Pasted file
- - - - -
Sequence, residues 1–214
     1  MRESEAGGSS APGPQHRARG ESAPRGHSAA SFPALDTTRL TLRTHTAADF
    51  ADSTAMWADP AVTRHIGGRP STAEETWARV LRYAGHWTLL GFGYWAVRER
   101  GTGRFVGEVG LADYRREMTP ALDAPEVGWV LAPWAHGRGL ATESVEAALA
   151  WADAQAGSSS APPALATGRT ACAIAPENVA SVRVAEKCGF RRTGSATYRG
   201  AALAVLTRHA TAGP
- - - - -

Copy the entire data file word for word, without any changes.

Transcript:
Sequence, residues 1–214
     1  MRESEAGGSS APGPQHRARG ESAPRGHSAA SFPALDTTRL TLRTHTAADF
    51  ADSTAMWADP AVTRHIGGRP STAEETWARV LRYAGHWTLL GFGYWAVRER
   101  GTGRFVGEVG LADYRREMTP ALDAPEVGWV LAPWAHGRGL ATESVEAALA
   151  WADAQAGSSS APPALATGRT ACAIAPENVA SVRVAEKCGF RRTGSATYRG
   201  AALAVLTRHA TAGP